The Importance Of Making The Most Out Of Social Networking Sites

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We all hear repeatedly that we need to become involved in social networking if we want to be relevant and successful with online ventures, but it’s sometimes difficult to know exactly what path you should take in your pursuit of making the most out of social networking sites for business purposes. One recent study focusing on Australian users may provide some insights to help you decide where to concentrate your efforts.

The study, carried out by Sensis, together with the Australian Interactive Media Industry Association (AIMIA), surveyed 803 consumers and 1,944 businesses. Among the findings were that 12% of those involved with social networks reported using social networking sites to research products they are interested in purchasing. (Sensis Social Media Report, May 2011)

But they are also involved in other activities related to purchasing and shopping on social networks. 11% indicated that they follow brands or business in the hopes of accessing special offers or promotions, 12% research travel offers or holiday destinations in this arena, and 15% use social networks to follow or find out information on specific brands or companies. Certainly the majority of reasons cited for using social networking sites involve activities such as catching up with friends and family (93%), sharing photos or videos (56%), coordinating activities (32%), finding out about entertainment (26%), playing games (24%), or meeting new friends (18%), but with the business-related uses involving a solid 10% or more each of those surveyed, businesses ignore this behavior at their peril.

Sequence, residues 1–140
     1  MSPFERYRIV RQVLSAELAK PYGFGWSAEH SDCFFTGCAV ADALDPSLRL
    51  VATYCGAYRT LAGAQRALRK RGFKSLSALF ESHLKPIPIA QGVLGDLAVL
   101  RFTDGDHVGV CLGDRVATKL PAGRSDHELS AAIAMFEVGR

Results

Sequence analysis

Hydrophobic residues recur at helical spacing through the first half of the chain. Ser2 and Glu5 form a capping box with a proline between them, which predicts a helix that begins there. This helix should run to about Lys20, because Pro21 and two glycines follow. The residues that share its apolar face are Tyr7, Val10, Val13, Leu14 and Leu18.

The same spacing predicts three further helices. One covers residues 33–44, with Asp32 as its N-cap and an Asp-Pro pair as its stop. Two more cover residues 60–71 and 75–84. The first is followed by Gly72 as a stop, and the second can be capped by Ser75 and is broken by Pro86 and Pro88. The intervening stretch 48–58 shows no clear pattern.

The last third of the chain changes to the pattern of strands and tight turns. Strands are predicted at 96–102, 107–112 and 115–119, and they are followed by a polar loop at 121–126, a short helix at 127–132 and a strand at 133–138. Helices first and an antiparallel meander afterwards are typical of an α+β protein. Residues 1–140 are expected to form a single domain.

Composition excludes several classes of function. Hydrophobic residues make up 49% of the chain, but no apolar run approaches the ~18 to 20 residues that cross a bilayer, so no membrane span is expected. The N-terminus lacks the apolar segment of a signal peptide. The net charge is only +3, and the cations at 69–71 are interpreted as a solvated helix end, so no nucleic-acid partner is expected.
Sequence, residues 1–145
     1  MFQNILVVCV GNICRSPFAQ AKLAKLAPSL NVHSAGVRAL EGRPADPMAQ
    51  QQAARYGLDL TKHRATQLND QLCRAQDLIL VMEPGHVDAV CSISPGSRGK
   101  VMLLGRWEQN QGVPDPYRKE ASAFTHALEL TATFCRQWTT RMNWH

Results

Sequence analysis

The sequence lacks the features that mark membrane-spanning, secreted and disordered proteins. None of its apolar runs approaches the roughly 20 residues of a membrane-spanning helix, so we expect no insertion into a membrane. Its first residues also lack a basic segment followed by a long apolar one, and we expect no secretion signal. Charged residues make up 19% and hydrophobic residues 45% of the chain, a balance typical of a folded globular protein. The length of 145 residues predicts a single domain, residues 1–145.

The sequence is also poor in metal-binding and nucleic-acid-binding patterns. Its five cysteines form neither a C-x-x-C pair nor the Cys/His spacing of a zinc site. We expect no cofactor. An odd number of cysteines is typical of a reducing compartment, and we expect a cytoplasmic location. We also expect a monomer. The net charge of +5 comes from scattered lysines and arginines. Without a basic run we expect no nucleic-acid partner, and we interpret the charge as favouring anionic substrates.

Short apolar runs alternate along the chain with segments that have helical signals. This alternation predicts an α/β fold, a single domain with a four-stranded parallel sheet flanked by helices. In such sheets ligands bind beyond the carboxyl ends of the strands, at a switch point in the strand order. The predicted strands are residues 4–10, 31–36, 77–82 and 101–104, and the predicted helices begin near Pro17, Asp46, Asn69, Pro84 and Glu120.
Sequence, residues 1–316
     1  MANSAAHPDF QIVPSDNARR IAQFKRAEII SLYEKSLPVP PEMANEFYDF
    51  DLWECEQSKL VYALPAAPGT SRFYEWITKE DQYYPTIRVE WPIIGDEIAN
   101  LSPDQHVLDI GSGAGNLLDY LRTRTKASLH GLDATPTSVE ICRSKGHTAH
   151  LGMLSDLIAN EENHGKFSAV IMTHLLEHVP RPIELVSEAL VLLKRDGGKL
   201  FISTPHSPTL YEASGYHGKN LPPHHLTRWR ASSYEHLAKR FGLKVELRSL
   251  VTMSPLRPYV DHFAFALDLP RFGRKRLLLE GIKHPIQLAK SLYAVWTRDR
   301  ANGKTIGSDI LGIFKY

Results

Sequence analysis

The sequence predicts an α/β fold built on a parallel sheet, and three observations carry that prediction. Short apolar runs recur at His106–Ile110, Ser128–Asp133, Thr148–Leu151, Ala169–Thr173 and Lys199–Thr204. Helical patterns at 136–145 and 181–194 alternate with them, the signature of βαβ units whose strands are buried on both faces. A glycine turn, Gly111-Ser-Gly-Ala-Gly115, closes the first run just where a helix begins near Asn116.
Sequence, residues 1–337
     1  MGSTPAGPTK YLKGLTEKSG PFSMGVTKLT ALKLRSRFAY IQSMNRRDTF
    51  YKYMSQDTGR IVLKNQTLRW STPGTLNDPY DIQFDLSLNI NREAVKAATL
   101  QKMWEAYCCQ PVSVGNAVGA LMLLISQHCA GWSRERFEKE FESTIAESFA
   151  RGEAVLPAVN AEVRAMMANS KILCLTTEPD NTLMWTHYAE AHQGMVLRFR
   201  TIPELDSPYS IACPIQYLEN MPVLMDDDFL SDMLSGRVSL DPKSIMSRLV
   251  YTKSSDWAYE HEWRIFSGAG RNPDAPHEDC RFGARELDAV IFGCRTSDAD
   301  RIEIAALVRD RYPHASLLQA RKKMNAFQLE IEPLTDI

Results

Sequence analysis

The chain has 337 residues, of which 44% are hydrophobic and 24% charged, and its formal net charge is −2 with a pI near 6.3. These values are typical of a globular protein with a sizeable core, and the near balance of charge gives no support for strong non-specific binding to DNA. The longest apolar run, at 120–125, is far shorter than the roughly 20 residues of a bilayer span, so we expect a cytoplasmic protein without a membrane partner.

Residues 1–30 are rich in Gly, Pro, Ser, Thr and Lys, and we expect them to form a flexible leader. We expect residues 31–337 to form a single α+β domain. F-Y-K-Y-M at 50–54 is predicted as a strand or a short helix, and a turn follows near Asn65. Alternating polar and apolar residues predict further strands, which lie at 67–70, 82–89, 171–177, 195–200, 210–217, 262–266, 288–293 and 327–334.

Also enlightening was the breakdown by product/service by the 12% of those surveyed who reported using social networking sites to research products and services. The list was headed by the “clothing/fashion” category, with 42% using social networks to research items in this category, followed closely by “electrical goods” at 39% (this does not include computers, software or computer games). Furniture and items for the home were at 28%, computers at 21%, music at 19%. Other categories included computer games at 9%, cars at 7%, books at 5%, and entertainment/events at 4%. It does seem a bit surprising that clothing/fashion was such a large part of the breakdown, yet this is yet another indicator that businesses need to consider the source of the interest — here the traffic is coming from social networking sources, where the concerns are inherently more personal than the Internet in general.

Looking into studies such as this one can tell you a lot about where best to position your own products and services. The results here would seem to indicate that if you sell or design clothing, you cannot afford to neglect the social networking space and its emphasis and interest in fashion. On the other hand, if you sell or make beauty or cosmetic products, with only 4% of those researching products looking for info on your product category, it may not be as vital to participate directly at this point in social networking sites — individuals may not be willing yet to discuss their use of these items so openly in an arena where their identity could be well-known.

In many ways, it’s all relative. Social networking sites may not at this point fit your specific market, but there are certainly other online marketing areas where you should be beefing up your participation, all the while keeping an eye on the social networking space. The one thing you can be sure of is that change is happening, and it is happening quickly.

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